Foundations of Object-Oriented Languages

by Bruce

ISBN: 9780262324748 | Copyright 2002

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In recent years, object-oriented programming has emerged as the dominant computer programming style, and object-oriented languages such as C++ and Java enjoy wide use in academia and industry. This text explores the formal underpinnings of object-oriented languages to help the reader understand the fundamental concepts of these languages and the design decisions behind them.The text begins by analyzing existing object-oriented languages, paying special attention to their type systems and impediments to expressiveness. It then examines two key features: subtypes and subclasses. After a brief introduction to the lambda calculus, it presents a prototypical object-oriented language, SOOL, with a simple type system similar to those of class-based object-oriented languages in common use. The text offers proof that the type system is sound by showing that the semantics preserves typing information. It concludes with a discussion of desirable features, such as parametric polymorphism and a MyType construct, that are not yet included in most statically typed object-oriented languages.

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List of Figures (pg. xi)
Preface (pg. xv)
Part I: Type Problems in Object-Oriented Languages (pg. 1)
1 Introduction (pg. 3)
2 Fundamental Concepts of Object-Oriented Languages (pg. 17)
3 Type Problems in Object-Oriented Languages (pg. 33)
4 Adding Expressiveness to Object-Oriented Languages (pg. 49)
5 Understanding Subtypes (pg. 71)
6 Type Restrictions on Subclasses (pg. 89)
7 Varieties of Object-Oriented Programming Languages (pg. 95)
Historical Notes and References for Section I (pg. 113)
Part II: Foundations: The Lambda Calculus (pg. 117)
8 Formal Language Descriptions and the Lambda Calculus (pg. 119)
9 The Polymorphic Lambda Calculus (pg. 141)
Historical Notes and References for Section II (pg. 167)
Part III: Formal Descriptions of Object-Oriented Languages (pg. 171)
10 SOOL, a Simple Object-Oriented Language (pg. 173)
11 A Simple Translational Semantics of Objects and Classes (pg. 201)
12 Improved Semantics for Classes (pg. 225)
13 SOOL’s Type System Is Safe (and Sound) (pg. 239)
14 Completing SOOL: super, nil, Information Hiding, and Multiple Inheritance (pg. 263)
Historical Notes and References for Section III (pg. 283)
Part IV: Extending Simple Object-Oriented Languages (pg. 289)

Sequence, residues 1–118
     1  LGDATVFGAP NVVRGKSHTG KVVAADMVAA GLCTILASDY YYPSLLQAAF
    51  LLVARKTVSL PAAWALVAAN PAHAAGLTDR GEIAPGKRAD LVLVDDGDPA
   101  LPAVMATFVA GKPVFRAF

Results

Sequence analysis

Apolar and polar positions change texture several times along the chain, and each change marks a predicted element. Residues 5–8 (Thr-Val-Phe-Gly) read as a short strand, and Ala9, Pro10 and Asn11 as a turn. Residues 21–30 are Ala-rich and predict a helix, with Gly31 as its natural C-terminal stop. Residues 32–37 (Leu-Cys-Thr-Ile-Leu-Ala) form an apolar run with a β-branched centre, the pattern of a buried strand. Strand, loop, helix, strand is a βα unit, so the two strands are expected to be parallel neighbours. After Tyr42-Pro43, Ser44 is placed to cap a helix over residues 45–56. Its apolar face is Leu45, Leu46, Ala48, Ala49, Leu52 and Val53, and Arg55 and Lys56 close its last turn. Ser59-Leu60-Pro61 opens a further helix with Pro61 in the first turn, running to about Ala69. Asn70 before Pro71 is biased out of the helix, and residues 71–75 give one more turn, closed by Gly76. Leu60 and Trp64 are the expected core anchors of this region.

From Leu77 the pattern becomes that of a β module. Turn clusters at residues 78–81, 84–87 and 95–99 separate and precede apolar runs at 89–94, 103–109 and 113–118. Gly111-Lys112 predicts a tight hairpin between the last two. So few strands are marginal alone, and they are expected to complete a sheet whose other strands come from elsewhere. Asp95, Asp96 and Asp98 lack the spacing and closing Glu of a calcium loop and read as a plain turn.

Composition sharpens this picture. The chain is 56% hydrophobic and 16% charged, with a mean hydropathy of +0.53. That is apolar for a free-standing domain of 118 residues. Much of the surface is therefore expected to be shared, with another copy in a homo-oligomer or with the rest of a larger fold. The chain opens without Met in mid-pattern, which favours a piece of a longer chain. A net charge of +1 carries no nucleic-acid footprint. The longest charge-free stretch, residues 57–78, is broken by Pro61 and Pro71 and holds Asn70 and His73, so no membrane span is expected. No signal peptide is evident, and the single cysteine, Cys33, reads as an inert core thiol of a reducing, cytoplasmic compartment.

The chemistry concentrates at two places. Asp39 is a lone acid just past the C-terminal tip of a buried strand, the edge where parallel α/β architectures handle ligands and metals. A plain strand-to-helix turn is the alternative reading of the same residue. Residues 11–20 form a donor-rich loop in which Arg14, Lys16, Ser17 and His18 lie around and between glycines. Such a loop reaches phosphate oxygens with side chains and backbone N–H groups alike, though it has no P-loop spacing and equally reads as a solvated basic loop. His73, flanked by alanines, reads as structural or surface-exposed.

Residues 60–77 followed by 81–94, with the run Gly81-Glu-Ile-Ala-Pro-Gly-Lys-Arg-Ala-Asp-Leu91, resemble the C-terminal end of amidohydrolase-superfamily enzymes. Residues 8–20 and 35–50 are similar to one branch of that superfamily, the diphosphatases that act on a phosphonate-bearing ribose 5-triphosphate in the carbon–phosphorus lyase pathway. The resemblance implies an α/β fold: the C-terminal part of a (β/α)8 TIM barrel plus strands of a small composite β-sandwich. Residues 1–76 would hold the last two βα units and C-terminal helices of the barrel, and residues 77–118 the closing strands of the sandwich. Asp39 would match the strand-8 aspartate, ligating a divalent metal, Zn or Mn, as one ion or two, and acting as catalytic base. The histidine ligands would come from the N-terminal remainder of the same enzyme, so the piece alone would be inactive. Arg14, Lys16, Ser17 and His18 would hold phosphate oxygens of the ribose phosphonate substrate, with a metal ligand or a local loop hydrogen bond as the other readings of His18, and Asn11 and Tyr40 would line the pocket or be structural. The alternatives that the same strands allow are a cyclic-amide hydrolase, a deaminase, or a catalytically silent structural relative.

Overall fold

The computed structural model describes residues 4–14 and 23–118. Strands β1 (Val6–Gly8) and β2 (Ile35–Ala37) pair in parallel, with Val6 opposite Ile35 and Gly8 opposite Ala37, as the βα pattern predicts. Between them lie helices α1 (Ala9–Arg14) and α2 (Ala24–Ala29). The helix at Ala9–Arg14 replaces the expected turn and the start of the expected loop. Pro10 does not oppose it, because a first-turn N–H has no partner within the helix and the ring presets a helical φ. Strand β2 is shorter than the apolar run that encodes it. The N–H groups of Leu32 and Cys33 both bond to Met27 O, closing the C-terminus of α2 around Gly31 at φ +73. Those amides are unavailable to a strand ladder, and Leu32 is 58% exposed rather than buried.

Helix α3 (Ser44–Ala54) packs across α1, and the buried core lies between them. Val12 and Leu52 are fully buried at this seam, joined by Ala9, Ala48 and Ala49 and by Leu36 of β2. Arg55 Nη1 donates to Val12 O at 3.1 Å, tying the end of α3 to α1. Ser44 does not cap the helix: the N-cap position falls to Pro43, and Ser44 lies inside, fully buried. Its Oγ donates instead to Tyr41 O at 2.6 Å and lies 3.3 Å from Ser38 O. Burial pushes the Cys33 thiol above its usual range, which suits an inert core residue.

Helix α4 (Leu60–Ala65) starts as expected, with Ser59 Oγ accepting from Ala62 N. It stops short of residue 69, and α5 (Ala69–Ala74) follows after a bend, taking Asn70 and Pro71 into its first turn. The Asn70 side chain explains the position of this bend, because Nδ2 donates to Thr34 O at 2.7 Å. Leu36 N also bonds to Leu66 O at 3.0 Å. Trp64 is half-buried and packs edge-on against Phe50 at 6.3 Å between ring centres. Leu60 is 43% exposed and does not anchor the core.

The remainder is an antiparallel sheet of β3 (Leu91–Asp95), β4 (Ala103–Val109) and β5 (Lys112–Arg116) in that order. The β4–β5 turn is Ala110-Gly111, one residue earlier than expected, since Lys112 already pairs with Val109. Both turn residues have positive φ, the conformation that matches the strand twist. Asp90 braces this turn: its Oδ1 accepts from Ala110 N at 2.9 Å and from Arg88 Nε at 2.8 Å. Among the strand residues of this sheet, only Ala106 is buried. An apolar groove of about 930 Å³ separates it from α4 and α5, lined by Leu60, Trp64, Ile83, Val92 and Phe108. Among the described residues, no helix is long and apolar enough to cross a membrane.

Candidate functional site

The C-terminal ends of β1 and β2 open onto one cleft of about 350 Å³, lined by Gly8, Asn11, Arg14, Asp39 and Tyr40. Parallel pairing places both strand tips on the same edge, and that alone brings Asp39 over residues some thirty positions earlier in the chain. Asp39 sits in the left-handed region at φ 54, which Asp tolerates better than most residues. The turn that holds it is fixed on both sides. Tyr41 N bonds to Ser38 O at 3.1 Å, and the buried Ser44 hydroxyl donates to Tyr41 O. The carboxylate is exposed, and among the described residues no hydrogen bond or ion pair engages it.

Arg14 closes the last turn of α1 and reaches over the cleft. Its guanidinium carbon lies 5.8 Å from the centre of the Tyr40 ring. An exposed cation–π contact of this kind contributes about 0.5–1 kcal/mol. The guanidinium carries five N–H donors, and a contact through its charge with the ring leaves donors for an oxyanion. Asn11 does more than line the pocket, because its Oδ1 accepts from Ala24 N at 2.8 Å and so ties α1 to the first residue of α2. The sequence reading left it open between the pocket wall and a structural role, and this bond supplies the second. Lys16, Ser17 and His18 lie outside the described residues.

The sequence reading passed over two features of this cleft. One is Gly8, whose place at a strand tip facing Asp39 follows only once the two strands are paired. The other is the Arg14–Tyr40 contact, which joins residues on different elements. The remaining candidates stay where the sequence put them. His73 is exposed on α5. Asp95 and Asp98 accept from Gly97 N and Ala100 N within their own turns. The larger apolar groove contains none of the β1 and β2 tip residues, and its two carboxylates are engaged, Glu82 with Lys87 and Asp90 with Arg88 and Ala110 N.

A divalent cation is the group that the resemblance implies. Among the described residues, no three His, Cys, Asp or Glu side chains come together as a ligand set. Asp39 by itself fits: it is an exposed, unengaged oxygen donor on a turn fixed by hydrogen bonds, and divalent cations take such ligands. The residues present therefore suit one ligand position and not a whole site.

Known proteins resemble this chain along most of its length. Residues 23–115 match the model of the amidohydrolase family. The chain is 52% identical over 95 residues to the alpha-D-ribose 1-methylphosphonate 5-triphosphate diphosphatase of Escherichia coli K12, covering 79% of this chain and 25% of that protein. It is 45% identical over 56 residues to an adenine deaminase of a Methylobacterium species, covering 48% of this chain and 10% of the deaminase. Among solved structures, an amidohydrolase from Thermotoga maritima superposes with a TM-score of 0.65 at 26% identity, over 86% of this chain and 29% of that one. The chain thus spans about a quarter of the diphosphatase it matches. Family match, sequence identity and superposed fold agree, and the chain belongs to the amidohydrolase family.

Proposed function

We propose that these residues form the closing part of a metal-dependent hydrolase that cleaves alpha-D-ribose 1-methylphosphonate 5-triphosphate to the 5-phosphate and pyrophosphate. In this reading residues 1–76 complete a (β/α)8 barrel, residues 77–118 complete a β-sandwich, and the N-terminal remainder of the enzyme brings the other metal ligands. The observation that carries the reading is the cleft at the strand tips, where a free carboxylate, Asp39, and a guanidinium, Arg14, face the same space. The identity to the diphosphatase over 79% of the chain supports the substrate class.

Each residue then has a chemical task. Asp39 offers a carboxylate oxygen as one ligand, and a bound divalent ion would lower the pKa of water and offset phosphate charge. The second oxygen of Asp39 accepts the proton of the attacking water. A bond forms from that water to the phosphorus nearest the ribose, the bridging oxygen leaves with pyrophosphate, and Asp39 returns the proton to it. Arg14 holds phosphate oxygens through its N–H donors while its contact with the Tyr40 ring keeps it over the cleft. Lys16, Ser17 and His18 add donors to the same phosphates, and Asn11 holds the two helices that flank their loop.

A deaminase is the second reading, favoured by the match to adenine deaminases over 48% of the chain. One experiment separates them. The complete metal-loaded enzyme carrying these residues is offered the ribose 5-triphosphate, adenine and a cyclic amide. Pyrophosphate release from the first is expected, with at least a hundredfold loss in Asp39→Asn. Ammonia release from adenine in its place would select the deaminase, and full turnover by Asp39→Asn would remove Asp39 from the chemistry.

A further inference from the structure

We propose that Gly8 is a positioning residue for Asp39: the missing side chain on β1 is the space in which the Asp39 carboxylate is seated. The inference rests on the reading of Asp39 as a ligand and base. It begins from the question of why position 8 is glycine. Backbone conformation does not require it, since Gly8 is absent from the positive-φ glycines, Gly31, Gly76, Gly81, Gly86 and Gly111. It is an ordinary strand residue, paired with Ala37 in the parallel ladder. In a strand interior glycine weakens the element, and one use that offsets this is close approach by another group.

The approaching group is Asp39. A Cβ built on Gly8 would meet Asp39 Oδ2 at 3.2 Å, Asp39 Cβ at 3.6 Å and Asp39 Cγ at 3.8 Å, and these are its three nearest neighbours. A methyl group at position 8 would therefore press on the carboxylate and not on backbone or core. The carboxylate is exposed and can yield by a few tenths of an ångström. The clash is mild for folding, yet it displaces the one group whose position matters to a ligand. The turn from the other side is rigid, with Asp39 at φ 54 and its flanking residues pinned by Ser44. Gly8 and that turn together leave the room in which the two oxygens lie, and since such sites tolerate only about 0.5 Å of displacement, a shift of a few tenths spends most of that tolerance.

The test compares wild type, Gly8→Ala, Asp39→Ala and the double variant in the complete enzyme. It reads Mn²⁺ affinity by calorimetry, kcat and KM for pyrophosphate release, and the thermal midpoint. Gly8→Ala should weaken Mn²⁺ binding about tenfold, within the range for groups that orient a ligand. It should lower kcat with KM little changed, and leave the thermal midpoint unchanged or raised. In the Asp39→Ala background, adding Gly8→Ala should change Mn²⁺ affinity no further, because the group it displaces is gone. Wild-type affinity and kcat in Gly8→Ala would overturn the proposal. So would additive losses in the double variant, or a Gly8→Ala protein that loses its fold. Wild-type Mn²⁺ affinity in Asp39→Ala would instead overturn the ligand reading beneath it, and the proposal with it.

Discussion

15 Adding Bounded Polymorphism to SOOL (pg. 291)
16 Adding MyType to Object-Oriented Programming Languages (pg. 299)
17 Match-Bounded Polymorphism (pg. 331)
18 Simplifying: Dropping Subtyping for Matching (pg. 349)
Historical Notes and References for Section IV (pg. 363)
Bibliography (pg. 367)
Index (pg. 379)
List of Figures (pg. xi)
Preface (pg. xv)
Part I: Type Problems in Object-Oriented Languages (pg. 1)
1 Introduction (pg. 3)
2 Fundamental Concepts of Object-Oriented Languages (pg. 17)
3 Type Problems in Object-Oriented Languages (pg. 33)
4 Adding Expressiveness to Object-Oriented Languages (pg. 49)
5 Understanding Subtypes (pg. 71)
6 Type Restrictions on Subclasses (pg. 89)
7 Varieties of Object-Oriented Programming Languages (pg. 95)
Historical Notes and References for Section I (pg. 113)
Part II: Foundations: The Lambda Calculus (pg. 117)
8 Formal Language Descriptions and the Lambda Calculus (pg. 119)
9 The Polymorphic Lambda Calculus (pg. 141)
Historical Notes and References for Section II (pg. 167)
Part III: Formal Descriptions of Object-Oriented Languages (pg. 171)
10 SOOL, a Simple Object-Oriented Language (pg. 173)
11 A Simple Translational Semantics of Objects and Classes (pg. 201)
12 Improved Semantics for Classes (pg. 225)
13 SOOL’s Type System Is Safe (and Sound) (pg. 239)
14 Completing SOOL: super, nil, Information Hiding, and Multiple Inheritance (pg. 263)
Historical Notes and References for Section III (pg. 283)
Part IV: Extending Simple Object-Oriented Languages (pg. 289)
15 Adding Bounded Polymorphism to SOOL (pg. 291)
16 Adding MyType to Object-Oriented Programming Languages (pg. 299)
17 Match-Bounded Polymorphism (pg. 331)
18 Simplifying: Dropping Subtyping for Matching (pg. 349)
Historical Notes and References for Section IV (pg. 363)
Bibliography (pg. 367)
Index (pg. 379)
List of Figures (pg. xi)
Preface (pg. xv)
Part I: Type Problems in Object-Oriented Languages (pg. 1)
1 Introduction (pg. 3)
2 Fundamental Concepts of Object-Oriented Languages (pg. 17)
3 Type Problems in Object-Oriented Languages (pg. 33)
4 Adding Expressiveness to Object-Oriented Languages (pg. 49)
5 Understanding Subtypes (pg. 71)
6 Type Restrictions on Subclasses (pg. 89)
7 Varieties of Object-Oriented Programming Languages (pg. 95)
Historical Notes and References for Section I (pg. 113)
Part II: Foundations: The Lambda Calculus (pg. 117)
8 Formal Language Descriptions and the Lambda Calculus (pg. 119)
9 The Polymorphic Lambda Calculus (pg. 141)
Historical Notes and References for Section II (pg. 167)
Part III: Formal Descriptions of Object-Oriented Languages (pg. 171)
10 SOOL, a Simple Object-Oriented Language (pg. 173)
11 A Simple Translational Semantics of Objects and Classes (pg. 201)
12 Improved Semantics for Classes (pg. 225)
13 SOOL’s Type System Is Safe (and Sound) (pg. 239)
14 Completing SOOL: super, nil, Information Hiding, and Multiple Inheritance (pg. 263)
Historical Notes and References for Section III (pg. 283)
Part IV: Extending Simple Object-Oriented Languages (pg. 289)
15 Adding Bounded Polymorphism to SOOL (pg. 291)
16 Adding MyType to Object-Oriented Programming Languages (pg. 299)
17 Match-Bounded Polymorphism (pg. 331)
18 Simplifying: Dropping Subtyping for Matching (pg. 349)
Historical Notes and References for Section IV (pg. 363)
Bibliography (pg. 367)
Index (pg. 379)
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